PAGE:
Japanese tennis player Junn Mitsuhashi has been banned for life for match-fixing and gambling offences.
The 25-year-old, who reached a career high of 295 in the world in 2009, has also been fined $50,000 (£39,000/€45,000) by the Tennis Integrity Unit (TIU).
He has been found guilty of making corrupt approaches to other players, betting on tennis matches and refusing to cooperate with the TIU investigation.
In November 2015, he asked Joshua Chetty, a player he had previously coached, to approach another player during an International Tennis Federation (ITF) Futures F1 tournament in Stellenbosch in South Africa.
The player was offered $2,000 (£1,500/€1,800) to under-perform in a singles match and $600 (£465/€543) for a doubles match, the TIU said.
South Africa's Chetty was himself banned for life in September.
Mitsuhashi then made an approach to another player in December 2015, according to the TIU.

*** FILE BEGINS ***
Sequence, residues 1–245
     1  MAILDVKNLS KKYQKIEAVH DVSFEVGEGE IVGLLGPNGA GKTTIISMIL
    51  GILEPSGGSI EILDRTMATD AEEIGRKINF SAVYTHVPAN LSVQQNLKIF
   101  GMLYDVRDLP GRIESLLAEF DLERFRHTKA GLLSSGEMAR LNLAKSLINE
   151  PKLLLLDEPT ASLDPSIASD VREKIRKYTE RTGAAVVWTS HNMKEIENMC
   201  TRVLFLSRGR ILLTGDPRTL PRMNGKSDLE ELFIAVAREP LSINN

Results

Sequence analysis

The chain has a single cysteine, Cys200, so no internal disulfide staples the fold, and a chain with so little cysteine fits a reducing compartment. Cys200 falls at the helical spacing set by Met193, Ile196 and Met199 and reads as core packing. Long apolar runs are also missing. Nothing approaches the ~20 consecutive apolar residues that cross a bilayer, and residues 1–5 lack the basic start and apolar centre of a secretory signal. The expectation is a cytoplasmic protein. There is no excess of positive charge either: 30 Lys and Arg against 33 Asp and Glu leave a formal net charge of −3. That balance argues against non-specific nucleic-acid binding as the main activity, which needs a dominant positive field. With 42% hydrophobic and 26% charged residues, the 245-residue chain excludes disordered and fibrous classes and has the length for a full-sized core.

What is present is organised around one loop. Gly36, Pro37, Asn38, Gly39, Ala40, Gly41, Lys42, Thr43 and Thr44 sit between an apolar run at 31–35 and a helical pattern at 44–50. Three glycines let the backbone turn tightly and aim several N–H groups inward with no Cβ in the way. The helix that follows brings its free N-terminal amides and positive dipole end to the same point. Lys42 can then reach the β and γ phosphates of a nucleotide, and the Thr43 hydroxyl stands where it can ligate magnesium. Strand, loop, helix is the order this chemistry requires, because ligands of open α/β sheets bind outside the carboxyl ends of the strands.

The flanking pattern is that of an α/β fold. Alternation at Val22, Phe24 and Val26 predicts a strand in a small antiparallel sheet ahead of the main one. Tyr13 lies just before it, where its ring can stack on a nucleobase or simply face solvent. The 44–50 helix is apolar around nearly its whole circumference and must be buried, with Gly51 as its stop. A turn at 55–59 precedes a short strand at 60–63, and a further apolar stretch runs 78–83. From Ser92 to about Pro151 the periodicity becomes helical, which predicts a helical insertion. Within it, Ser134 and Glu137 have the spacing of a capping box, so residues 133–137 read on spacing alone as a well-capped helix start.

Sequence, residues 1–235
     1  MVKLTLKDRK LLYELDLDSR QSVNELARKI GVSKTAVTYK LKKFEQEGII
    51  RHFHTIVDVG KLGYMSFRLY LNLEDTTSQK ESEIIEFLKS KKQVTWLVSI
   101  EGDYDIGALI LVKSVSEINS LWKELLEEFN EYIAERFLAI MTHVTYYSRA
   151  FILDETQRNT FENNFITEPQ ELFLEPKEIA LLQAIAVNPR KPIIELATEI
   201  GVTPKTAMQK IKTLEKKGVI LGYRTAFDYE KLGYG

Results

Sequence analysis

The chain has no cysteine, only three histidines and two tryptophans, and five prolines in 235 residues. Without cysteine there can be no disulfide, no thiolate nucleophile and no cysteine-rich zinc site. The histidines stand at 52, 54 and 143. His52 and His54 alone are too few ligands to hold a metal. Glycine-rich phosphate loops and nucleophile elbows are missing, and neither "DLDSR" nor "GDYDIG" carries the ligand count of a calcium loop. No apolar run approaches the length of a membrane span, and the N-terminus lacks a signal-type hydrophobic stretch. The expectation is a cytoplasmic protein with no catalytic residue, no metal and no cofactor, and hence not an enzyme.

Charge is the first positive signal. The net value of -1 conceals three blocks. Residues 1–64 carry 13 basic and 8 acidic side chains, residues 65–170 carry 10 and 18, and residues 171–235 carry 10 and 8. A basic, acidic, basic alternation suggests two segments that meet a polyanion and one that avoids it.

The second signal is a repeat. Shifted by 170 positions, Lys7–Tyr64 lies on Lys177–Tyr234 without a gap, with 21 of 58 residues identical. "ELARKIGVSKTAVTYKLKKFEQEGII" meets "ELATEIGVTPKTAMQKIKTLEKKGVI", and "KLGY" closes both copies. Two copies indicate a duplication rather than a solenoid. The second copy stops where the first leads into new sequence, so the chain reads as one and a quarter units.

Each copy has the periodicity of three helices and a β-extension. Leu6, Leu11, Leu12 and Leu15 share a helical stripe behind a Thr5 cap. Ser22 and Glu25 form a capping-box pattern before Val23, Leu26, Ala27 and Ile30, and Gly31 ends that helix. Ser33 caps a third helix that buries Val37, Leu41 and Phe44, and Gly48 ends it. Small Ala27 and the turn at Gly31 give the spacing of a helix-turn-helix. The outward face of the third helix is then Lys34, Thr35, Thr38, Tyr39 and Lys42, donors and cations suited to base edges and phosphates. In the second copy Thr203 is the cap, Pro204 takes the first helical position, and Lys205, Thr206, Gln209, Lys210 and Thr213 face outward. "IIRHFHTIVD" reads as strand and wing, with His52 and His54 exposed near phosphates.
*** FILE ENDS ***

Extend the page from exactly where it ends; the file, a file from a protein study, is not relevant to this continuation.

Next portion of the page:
This took place at an ITF Futures F4 tournament in Lagos in Nigeria, with the player asked to fix certain aspects of a match.
The Japanese player, who was ranked 1,997 in the world at the end of 2015, was also found to have bet on 76 tennis matches.
"In spite of repeated requests to engage with the TIU, the player refused to respond or co-operate with enquiries into the allegations against him," a TIU statement said.
"Failing to cooperate is an offence in its own right."
Mitsuhashi will not be allowed to play in any tournaments organised by the governing bodies of the sport or even attend the venues.
His case was considered by independent anti-corruption hearing officer Ian Mill QC, who imposed the lifetime ban and fine.
Tennis has faced significant match-fixing problems, particularly at levels where prize money is low.
It was the sport involved in 45 per cent of reported cases of suspicious betting during the first quarter of 2017, according to the European Sport Security Association.
In March, ITF President David Haggerty announced plans for tours with a limit of 750 male and 750 female players.
It is thought that around 14,000 are currently competing among the full-time ranks, with nearly half of these failing to win any prize money.
This, it is thought, can cause some players to be tempted by corruption.